Spreading the word: a tribute to ancient teachers
The Greek and Latin papyri, ostraca and tablets of the British Library provide incomparably rich sources for learning about ordinary people, whose lives and words remained otherwise unrecorded for many centuries. One of the most intriguing perspectives these sources reveal is on families and children. We have recently published an article surveying documents that illustrate aspects of the lives of children in Egypt between the 3rd century BC and 6th century AD, from their infancy and early school years to their marriage and first jobs.
An especially well-documented phase of the life of children is their schooling from primary to secondary or higher education. There is another aspect of school documents, however, which is just as important and fascinating as that of the children – the teachers.
Notes, methods and even names of teachers survive in surprisingly large numbers in our collection of papyri and writing tablets. These give us intriguing details about how the foundations of literacy and numeracy were laid down thousands of years ago.
The first stage was learning to read. The way to achieve this was simple but not very easy. Similar to modern-day school education, children were first taught to recognise syllables and read them one by one to form the words. The difference between current and ancient practice, however, was that in ancient schools the texts used for this purpose were not easy reads as nowadays, but samples taken from classical authors.
Written with black ink on a whitened board, this 1800-year-old wooden tablet contains 5 lines from Book 3 of Homer’s Iliad copied in the neat hand of a teacher. Compared to the economic layout of texts in contemporary manuscripts where there were usually no spaces left between the words, on this tablet Homer’s words are neatly divided to make it easier to read. Moreover, the teacher placed strokes above the lines to mark the end of the syllables in each word. This practice, unknown in manuscripts designed for advanced readers, shows that the board was probably used to teach children to recognise and read in syllables.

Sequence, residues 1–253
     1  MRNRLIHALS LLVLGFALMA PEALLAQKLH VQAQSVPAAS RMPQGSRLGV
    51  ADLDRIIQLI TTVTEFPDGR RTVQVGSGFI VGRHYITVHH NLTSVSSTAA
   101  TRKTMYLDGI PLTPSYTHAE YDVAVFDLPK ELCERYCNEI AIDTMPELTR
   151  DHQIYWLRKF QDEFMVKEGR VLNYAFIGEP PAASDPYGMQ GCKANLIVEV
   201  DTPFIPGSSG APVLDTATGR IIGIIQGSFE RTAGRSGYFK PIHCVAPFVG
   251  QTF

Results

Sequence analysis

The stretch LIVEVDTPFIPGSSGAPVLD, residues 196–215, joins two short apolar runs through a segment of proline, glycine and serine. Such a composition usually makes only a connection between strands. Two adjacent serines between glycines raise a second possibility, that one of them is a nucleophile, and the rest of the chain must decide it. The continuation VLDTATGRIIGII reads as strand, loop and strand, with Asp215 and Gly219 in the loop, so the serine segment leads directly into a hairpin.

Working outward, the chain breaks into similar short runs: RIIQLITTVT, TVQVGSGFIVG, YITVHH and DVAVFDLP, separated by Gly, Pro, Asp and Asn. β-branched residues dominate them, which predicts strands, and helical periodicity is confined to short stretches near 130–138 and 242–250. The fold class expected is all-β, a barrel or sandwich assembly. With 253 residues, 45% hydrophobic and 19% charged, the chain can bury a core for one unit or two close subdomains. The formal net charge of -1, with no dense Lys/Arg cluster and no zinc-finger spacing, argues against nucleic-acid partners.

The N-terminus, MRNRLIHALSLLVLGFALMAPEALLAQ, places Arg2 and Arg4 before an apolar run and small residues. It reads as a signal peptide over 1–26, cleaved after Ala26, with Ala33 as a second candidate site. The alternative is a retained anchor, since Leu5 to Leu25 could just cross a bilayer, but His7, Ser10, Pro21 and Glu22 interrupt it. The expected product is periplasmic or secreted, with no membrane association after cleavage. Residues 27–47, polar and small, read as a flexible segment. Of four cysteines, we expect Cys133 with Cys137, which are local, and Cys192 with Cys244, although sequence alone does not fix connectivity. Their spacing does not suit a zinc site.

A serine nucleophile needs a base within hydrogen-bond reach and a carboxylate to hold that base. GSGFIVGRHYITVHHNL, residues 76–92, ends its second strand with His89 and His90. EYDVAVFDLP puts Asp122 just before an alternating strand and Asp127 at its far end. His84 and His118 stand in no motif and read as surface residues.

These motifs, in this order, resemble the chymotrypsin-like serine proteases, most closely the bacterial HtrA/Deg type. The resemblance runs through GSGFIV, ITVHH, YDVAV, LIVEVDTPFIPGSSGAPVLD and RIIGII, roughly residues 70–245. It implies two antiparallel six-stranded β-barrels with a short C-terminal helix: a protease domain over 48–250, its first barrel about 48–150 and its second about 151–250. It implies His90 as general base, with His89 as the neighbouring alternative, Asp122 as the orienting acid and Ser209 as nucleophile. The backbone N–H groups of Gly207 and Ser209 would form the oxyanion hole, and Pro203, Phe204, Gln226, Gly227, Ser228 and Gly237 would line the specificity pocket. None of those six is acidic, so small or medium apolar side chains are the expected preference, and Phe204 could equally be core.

The larger size of the wooden board – about the same as our A4 instead of the more standard A5 format of waxed school tablets – suggests that it was used for demonstration purposes. It may have served either as a blackboard in a classroom or a sample circulated in class. It is not hard to imagine the children holding and studying it, trying to decipher and read out the lines from Homer’s Iliad, ‘Sun, who be-hold-est all things and hear-est all’ (Iliad iii, 276).
Another, slightly different, reading exercise survives on a late 3rd-century papyrus roll that contains the text of Psalms 12-15. The layout of the text on the papyrus is the same as it would be in a standard manuscript with the text arranged in two columns with no space left between the words.
However, the large, circle-shaped marks above the lines, neatly arranged over each of the syllables of the words, suggest that the papyrus roll was also used in school education. It may have been designed for more advanced readers who no longer needed spaces between the words but who would still need some help to recognise syllables to ease reading of the rather complicated text of the Psalms.